While in La Cruz, you can either anchor out or stay in a very lovely, well looked after marina. We looked forward to connecting with a few more cruisers in La Cruz and decided we would anchor out for awhile and then go into the marina before exiting the area. We met lots of great people and in particularly enjoyed meeting a family from France who had teenaged boys close in age to Josh. Very rare! We all went to Sayulita together to play in the surf and check out the scene. I was shocked to see how much Sayulita had changed over the last nine years since we had been there. It has been on development steroids for nine years! We were there on the 14th of December, still a little early in the tourist season, but it was packed! Lots of young people, every nook and cranny was selling something, many different nationalities are represented by the goods being sold, hustle and bustle, and even young americans were trying to sell you stuff on the beach. Its still very beautiful, and you wouldn’t want for anything in Sayulita …. except for maybe a little bit of laid back simplicity. The boys had a great time in the surf, Josh got to check out the babes on the beach….I think he’ll definitely be back!
After La Cruz we headed back to Punta de Mita as this is a good spot to head out of Banderas Bay, give the Boy some more surf time, possibly snorkel at Las Tres Marietas Islands (just a couple of nm away) then start making our way south for Christmas in Barra de Navidad.
Just a short 25 miles north of San Jose del Cabo is Los Frailes, a bay at the south end of a large marine park dedicated to protecting a large coral reef. This should have been a quick trip but the weather man was wrong and I should have check in the morning before we left. Alas we ended beating upwind in 20 to 25 + knots, which meant it took all day to get their and that clean boat was again covered in salt. Here we found small cursing community that were waiting out of the northwesterly’s , a group of about 10 panga fisherman camped on the beach and a quite a number of trailer vagabonds that camp in the arroyo ( some have been coming for up to 20 years).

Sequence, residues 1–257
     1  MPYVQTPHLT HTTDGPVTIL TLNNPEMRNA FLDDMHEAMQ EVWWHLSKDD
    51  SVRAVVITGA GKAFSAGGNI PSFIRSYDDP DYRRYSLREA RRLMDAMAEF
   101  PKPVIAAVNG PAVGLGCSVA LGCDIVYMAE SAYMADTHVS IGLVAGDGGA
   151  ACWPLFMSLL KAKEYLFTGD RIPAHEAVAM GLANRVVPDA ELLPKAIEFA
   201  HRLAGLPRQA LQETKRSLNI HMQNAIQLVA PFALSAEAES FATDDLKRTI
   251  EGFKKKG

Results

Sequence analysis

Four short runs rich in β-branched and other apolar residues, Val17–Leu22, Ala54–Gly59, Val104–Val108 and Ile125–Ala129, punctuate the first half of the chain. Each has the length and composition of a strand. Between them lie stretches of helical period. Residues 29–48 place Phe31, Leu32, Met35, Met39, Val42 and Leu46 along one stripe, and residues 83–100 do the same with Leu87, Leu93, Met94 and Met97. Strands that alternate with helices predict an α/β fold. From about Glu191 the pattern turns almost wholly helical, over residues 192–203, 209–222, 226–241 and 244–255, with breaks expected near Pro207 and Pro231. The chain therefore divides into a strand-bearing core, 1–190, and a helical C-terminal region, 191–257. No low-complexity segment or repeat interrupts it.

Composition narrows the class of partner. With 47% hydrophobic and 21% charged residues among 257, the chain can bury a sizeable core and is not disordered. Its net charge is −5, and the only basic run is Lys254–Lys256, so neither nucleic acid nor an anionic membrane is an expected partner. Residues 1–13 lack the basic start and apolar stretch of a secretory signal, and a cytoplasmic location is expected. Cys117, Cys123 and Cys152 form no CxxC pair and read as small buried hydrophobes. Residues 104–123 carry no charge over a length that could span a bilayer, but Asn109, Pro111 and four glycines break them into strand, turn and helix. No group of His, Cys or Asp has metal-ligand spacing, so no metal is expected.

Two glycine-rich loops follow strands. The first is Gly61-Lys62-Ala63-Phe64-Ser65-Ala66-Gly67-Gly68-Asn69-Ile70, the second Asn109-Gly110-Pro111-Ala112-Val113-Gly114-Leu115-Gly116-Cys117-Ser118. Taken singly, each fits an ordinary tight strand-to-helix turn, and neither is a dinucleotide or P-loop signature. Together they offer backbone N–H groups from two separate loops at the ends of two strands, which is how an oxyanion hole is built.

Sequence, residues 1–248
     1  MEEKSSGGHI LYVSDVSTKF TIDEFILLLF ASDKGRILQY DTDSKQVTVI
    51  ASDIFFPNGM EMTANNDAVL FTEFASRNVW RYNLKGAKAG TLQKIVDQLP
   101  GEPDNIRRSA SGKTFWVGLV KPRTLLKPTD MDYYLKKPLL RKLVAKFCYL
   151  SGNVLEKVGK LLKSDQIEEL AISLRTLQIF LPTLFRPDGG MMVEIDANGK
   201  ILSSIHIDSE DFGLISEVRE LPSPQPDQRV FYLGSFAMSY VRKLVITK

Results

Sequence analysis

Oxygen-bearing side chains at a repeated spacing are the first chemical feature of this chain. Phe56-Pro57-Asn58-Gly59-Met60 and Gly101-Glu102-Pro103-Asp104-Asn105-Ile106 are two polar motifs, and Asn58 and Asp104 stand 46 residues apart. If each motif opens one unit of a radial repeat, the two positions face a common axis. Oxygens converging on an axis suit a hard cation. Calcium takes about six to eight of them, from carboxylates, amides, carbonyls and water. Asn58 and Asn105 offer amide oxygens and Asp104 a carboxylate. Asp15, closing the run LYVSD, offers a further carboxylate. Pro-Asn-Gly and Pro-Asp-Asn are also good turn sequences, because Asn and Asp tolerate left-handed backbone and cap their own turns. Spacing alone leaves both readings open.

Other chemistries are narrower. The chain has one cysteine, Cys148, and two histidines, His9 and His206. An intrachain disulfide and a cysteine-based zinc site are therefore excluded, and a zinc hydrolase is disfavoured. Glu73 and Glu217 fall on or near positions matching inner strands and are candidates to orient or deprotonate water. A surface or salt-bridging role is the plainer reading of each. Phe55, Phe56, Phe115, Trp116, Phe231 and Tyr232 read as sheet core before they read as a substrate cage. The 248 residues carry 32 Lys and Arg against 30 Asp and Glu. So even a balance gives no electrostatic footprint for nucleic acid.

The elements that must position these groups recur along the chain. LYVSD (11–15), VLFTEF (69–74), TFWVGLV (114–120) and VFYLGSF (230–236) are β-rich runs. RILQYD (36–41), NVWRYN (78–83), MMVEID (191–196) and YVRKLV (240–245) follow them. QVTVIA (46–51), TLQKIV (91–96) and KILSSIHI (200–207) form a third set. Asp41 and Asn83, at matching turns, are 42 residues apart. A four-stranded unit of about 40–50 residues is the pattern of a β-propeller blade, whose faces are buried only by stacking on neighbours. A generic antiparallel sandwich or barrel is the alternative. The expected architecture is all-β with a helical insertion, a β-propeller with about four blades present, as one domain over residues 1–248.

The hiking was great but the big plus here was the reef. Visibility was good and we spent hours snorkelling taking in the seeming endless array of colourful fish of all shapes and sizes. We easily wiled away 5 days, then taking the next wind window we were off to Banderas Bay, 280 miles away.
We are in the land of whales, dolphins, turtles, sail fish, a feast for the eyes. Oddly it felt like we were in a National Geographic nature show. A new surprise for us on the crossing was how the Boobies, loved to hitch a ride on our boat. They were not even afraid of our attempts to remove them solar panels and push pit. We wouldn’t have minded the hitch hikers, but they tended to shit on the boat while riding – what a mess!
Thank you to all friends, helpers and well wishers that helped us on our way. We are so lucky to adventure on Adesso and feel blessed by such fantastic family and friends. From the Mexican Riviera, Merry Christmas to all and a Happy New Year!!!!
After the escape from Cabo we headed to the marina at San Jose del Cabo to wash the boat, our selves, the laundry and just about anything else we could think of. The trip down Baja was dry with wind blown grit everywhere. This part of Baja is interesting because of inflated prices some of which is caused by the uber rich that tend to frequent the area sport fishing and the hurricane – some resources were hard to find. Sue an I took a walk down the beach and were surprised by the number if hotels that were under full renovation because of the storm damage. We heard that this also was taking a toll on the local population, the loss of service jobs, and quite a number had their houses literally blown over! At the marina docks were damaged or completely missing. Washed and stocked after a trip to the Mega we were excited to head out to our first anchorage that had reefs to snorkel.